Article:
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With boost python, I was adding an attribute to my python wrapper where the value came from an enumerated type, for instance:


But I got a run time error when I imported my python module:

terminate called after throwing an instance of 'boost::python::error_already_set'

Following other threads, I put the above in a try/catch but didn't catch anything to call PyErr_Fetch on. I'm still curious where the original python error occurred.

It turns out that I have to do


And then it runs.

Another, but I think related problem, is if you export a C++ function in your python wrapper that returns a C++ enum, but you do not export that enum, all is fine until you call this function from python. Then boost generates a python exception about a type not being found.

So clearly boost is doing some things at runtime that seem (to me) like they should be done at compile time. Both these problems were time consuming to diagnose. Does anyone know what is going on? With more things happening at runtime then I'd expect, will I hit performance issues with boost python that I wouldn't get if I worked directly with the python extension API? In addition to performance, I'm concerned that boost python code has more errors that won't be found until runtime then direct python extension code would have.

On the flip side, is there some big gain to be had with all this dynamic type binding? Clearly there is the nice boost interface for writing my own python extension - but does all this dynamic binding make it easier to add new boost python wrappers into an existing system then wrappers written directly with the python extension API?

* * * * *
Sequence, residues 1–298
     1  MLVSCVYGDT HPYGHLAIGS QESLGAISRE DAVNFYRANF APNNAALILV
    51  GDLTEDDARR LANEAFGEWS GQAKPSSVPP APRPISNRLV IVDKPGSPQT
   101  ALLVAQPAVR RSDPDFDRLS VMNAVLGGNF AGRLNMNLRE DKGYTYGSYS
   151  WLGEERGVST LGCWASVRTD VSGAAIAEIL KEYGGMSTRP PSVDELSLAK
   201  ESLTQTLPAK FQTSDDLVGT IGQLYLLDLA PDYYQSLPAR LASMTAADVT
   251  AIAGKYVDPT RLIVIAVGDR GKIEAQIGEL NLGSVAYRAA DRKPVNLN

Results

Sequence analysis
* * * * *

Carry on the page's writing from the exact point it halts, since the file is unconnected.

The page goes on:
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1 Answer 1

With Python supporting dynamic name resolution, I would imagine it would be rather difficult and encumbering on the user for Boost.python to enforce compile-time assertions. The C++ code is exposed to Python at runtime, and it is possible that Boost.Python type conversions have been registered in a different module, loaded separately at runtime.

Boost.Python, and even the Python C-API, performs the majority of work at runtime. Boost.Python will not delay errors to runtime anymore than that of the Python C-API. When Python imports a Boost.Python module, the BOOST_PYTHON_MODULE code executes, creating types, registering type identities, and registering functions that allow for the seamless interoperability between Python and C++ objects. Overall, the same setup procedures would still be required with the C-API or any other Python language binding toolset. As Boost.Python provides a high-level general solution, one can expect it to be more bloated when compared to hand-written bindings tailored to the application.

My personal experience has been that it is easier to extend an existing system with Boost.Python rather than writing directly to the Python C-API. I have to write significantly less code, resulting in fewer errors while increasing readability and maintainability. For example, consider the official Python Extending Simple Example:

#include <stdlib.h> // system
#include <Python.h>

static PyObject*
spam_system(PyObject* self, PyObject* args)
  const char* command;
  if (!PyArg_ParseTuple(args, "s", &command))
    return NULL;
  return Py_BuildValue("i", system(command));

static PyMethodDef SpamMethods[] =
  {"system", &spam_system, METH_VARARGS,
   "Execute a shell command."},
  {NULL, NULL, 0, NULL} /* Sentinel */

  Py_InitModule("spam", SpamMethods);

and the equivalent in Boost.Python:

#include <stdlib.h> // system
#include <boost/python.hpp>

  boost::python::def("system", &system);
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I really like how easy it is to write these wrappers in boost python, but a C-API wrapper - once it compiles, it is always going to return some kind of PyObject when used? Or would I run into the same problem? My C-API would return a PyObject based on an enum, but if I didn't wrap the enum I'd crash at runtime? I'm confused by the runtime errors when I use boost python. –  user2280020 Jul 18 '13 at 18:35
@user2280020: As Python does not have native support enums, it would require creating an type object to support an enum, instantiating an object of the type, and then setting its value. If an invalid conversion occurred, do you throw an error, similar to Boost.Python? If you decay the enum to an int, then it will be explicit with either binding: a cast in Boost.Python or PyInt_FromLong() in the C-API. With gcc, I get a helpful exception: TypeError: No to_python (by-value) converter found for C++ type: some_namespace::some_class::some_enum. –  Tanner Sansbury Jul 19 '13 at 15:57

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